Renaissance Portraits: European Portrait-Painting in the 14th, 15th and 16th Centuries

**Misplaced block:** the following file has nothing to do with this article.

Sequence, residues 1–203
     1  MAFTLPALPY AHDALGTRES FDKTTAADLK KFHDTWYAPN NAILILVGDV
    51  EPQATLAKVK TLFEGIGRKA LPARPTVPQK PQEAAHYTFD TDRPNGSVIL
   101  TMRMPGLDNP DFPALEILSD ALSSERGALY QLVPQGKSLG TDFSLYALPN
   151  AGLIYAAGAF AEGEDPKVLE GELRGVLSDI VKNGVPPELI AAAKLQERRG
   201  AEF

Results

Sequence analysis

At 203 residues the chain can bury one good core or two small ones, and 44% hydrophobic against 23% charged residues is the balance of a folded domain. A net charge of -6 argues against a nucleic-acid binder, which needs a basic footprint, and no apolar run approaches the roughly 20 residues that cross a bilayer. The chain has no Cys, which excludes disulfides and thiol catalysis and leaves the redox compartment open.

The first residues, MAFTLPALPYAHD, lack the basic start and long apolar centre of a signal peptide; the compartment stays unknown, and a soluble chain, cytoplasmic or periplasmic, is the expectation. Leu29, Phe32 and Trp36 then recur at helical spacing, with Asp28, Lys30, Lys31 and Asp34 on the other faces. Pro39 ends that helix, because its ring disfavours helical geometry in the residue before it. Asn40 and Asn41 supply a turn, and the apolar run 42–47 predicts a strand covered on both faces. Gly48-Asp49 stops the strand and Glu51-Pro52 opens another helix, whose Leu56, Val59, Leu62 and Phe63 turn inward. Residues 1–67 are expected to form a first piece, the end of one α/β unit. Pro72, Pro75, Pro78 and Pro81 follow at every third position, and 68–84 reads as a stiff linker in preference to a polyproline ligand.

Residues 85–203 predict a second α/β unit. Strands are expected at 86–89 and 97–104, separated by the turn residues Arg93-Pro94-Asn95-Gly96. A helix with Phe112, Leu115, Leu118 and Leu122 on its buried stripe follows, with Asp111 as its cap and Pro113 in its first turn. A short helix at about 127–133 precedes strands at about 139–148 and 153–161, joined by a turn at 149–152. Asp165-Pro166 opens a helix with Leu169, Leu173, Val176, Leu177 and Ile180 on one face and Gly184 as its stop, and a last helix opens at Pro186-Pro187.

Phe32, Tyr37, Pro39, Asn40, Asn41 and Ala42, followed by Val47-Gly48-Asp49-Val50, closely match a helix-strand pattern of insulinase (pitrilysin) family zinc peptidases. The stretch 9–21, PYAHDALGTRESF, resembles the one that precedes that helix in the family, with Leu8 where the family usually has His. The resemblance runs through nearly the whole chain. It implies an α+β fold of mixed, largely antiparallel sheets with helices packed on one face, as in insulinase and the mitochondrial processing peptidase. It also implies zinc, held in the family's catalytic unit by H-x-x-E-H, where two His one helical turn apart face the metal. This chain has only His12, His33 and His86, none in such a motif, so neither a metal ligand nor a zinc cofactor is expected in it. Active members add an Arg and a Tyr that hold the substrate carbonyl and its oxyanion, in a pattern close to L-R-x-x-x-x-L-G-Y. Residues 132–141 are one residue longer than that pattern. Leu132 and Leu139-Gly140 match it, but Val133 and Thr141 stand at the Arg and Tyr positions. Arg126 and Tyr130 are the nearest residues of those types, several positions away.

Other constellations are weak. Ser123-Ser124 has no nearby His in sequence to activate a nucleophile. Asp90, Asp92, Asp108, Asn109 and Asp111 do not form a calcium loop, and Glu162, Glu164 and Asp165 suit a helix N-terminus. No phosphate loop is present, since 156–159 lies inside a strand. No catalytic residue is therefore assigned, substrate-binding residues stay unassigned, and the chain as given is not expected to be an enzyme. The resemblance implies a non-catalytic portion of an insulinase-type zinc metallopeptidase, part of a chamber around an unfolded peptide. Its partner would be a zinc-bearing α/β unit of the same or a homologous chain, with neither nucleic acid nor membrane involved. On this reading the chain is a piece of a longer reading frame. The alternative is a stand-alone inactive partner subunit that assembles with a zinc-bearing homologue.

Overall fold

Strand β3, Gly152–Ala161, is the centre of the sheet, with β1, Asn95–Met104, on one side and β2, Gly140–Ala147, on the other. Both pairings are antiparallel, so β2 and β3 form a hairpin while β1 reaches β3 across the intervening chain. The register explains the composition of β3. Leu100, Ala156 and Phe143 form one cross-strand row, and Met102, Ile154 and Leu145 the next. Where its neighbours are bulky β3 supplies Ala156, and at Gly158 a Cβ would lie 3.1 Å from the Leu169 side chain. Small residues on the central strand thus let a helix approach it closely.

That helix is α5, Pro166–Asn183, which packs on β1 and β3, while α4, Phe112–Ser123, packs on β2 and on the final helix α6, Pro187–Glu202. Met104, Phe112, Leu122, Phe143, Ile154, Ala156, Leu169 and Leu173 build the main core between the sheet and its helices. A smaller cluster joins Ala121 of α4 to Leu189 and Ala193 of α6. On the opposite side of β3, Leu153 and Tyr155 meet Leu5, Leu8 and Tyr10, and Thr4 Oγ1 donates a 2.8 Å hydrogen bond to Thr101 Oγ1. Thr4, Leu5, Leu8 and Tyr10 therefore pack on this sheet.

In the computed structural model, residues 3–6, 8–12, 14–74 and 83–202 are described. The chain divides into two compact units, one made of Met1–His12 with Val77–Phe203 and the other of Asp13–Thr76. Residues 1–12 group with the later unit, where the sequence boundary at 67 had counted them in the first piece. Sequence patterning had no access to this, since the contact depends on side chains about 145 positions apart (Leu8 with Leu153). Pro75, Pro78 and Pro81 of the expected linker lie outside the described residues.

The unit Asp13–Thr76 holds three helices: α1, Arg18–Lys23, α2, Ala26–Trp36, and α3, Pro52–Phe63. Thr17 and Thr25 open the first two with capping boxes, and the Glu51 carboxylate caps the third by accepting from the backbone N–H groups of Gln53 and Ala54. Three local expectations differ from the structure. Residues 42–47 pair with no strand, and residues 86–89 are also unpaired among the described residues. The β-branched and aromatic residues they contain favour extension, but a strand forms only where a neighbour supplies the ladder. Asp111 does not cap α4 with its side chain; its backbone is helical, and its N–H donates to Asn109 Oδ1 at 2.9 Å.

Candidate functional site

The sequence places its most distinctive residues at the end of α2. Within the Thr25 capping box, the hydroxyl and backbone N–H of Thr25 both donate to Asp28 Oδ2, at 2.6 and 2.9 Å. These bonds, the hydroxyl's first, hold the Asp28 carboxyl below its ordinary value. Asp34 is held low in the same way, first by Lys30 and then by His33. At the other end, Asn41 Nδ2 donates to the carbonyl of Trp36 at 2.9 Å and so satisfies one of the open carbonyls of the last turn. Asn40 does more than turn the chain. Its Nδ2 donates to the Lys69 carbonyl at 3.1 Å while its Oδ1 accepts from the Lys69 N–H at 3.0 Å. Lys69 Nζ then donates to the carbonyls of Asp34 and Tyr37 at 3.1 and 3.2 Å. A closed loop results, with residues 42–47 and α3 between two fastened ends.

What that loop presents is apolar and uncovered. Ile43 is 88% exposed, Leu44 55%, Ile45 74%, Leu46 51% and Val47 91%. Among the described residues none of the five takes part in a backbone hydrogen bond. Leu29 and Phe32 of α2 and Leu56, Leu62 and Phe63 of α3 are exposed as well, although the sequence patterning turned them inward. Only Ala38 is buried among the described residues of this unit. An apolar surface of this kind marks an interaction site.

What kinds of portrait were produced during the Renaissance? Who produced them and for whom? How were they painted? Why were they wanted and how were they used? in this beautiful book, Lorne Campbell addresses these fundamental questions by exploring the aesthetic, technical, social and economic aspects of Renaissance portrait-painting and by offering a close examination of the works of artists such as Jan van Eyck, Leonardo, Durer, Raphael, Holbein, and Titian. Drawing the writings and private correspondence of the painters and their patrons, and describing and analysing the ways in which sitters were individualised, idealised and characterised, Campbell shows what can be deduced about the painters intentions and the patrons requirements. Detail by detail, he builds up an understanding of the role of portrait-painting and the methods used by artists to achieve their goal. Sharply focussed, meticulously researched and sensitively presented, this handsomely illustrated book is a major contribution to the study of Renaissance art and will provide enlightenment for scholar, student and general reader alike.
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